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Last month, CREDO, Mathematica, and CRPE released a study on online charter schools. Read full report here. Using a “virtual twin” matching approach, comparisons were made between brick and mortar and virtual students’ academic achievement. Because the virtual twin underperformed the brick and mortar student, it was assumed that virtual education students are learning far below their brick and mortar peers. However, the study didn’t compare apples to apples.

The students in the matching process were matched by race/ethnicity, gender, English proficiency, lunch status, special education status and grade level. The philosophy that academic performance is comparable for students with identical demographics is faulty. If I made the assumption that every 6th grade, general education, white male, on free and reduced lunch that entered my classroom learned the same way, received my lesson the same way, and performed the same way, I would do my students a huge disservice. Each of my students is an individual with unique needs, and their own reasons for choosing virtual education. In addition, two critical factors of many that were not considered in this comparison were the reasons why the students left their school and the students’ performance over time. Looking at these important factors, one can see that the virtual twin is hardly a twin at all.

All of my families have a story, a reason they chose virtual education. John* is a great learner, but easily distracted. Jane* is an Olympic hopeful and trains 40+ hours a week. Kyle* has a 45 minute bus ride to and from school every day. What all of my families have in common is that they left their previous school environment for the same reason: “it did not work for them.”

Quite often, by the time a student has left his school and enrolled in our virtual school, he is already significantly behind his peers. Unfortunately, this study only reports score averages for on grade level state testing. What we do not see in this report is the growth students make on a consistent basis. The traditional classroom’s large class sizes, various distractions, and lack of individualization are just a few of the factors that have kept students from reaching their full potential. These same factors are things the virtual setting addresses well. With our smaller ratio, students enjoy freedom, flexibility and support to not only move at their own pace, but to receive the individualized attention needed to make remarkable gains.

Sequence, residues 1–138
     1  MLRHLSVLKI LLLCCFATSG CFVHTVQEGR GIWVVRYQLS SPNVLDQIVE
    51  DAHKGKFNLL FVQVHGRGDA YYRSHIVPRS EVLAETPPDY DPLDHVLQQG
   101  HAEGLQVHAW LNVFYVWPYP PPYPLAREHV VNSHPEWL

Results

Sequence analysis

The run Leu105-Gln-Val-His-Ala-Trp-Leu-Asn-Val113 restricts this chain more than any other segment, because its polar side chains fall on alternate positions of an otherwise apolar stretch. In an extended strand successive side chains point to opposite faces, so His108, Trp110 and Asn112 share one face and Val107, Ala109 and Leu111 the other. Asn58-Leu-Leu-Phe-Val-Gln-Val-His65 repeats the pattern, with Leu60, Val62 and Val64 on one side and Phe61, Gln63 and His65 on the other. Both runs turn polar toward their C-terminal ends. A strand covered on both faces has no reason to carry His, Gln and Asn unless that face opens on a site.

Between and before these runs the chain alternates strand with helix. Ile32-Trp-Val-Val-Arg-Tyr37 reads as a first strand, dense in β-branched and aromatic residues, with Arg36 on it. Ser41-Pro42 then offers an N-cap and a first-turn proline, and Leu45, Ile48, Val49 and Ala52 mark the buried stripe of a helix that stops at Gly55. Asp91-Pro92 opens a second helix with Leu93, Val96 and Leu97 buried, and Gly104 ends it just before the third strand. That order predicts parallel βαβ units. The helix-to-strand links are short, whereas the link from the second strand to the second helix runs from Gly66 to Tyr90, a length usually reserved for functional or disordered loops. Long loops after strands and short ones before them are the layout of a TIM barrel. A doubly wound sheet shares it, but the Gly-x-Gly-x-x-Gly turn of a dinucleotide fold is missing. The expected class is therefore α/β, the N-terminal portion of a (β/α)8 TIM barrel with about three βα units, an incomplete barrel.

Before coming to our school last year, Kayla* was in a traditional reading classroom of 35 students. Kayla’s teacher realized that her comprehension level was well below her peers. With a large class and limited time, the teacher was unable to give Kayla the individualized attention

she needed to make significant improvements in her reading skills. By the end of the year Kayla was two grade levels behind in reading. The next year Kayla enrolled in the Virginia Virtual Academy. In this online setting, Kayla was able to dedicate more time to reading comprehension in addition to attending weekly, individualized remedial sessions with me. By the end of the year Kayla had made tremendous growth and was on grade level for reading. These gains would not have been possible for Kayla with the limitations of her previous brick and mortar school setting. For me, watching students that were not successful in the classroom thrive in the virtual setting are the most inspirational and rewarding moments in my teaching career.

For some of my students, measurable growth takes longer than a single year to achieve. This study does not consider student performance over time. Studies have shown that the longer a student stays with K12 the better they perform. In a report published by K12, students enrolled three or more years in grades 3-8 achieved higher proficiency in math (14 percentage points) and reading (19 percentage points) compared to students enrolled less than one year.

As a teacher of virtual students, I feel that the comparison of brick and mortar students and virtual students was mismatched and the conclusions made on virtual education therefore misleading. Virtual education is not for all students, but for many students it is the best choice. We cannot easily compare students in our virtual school to students in a brick and mortar setting. They are characteristically and fundamentally different. K12’s number one belief is individualized learning through mass customization instead of mass production of education. My students are not virtual twins; they are individuals that learn virtually anywhere, in their own way.

Katie Poindexter is a teacher at Virginia Virtual Academy (VAVA) and a K12 Teacher Ambassador.

*student names have been changed to protect their privacy

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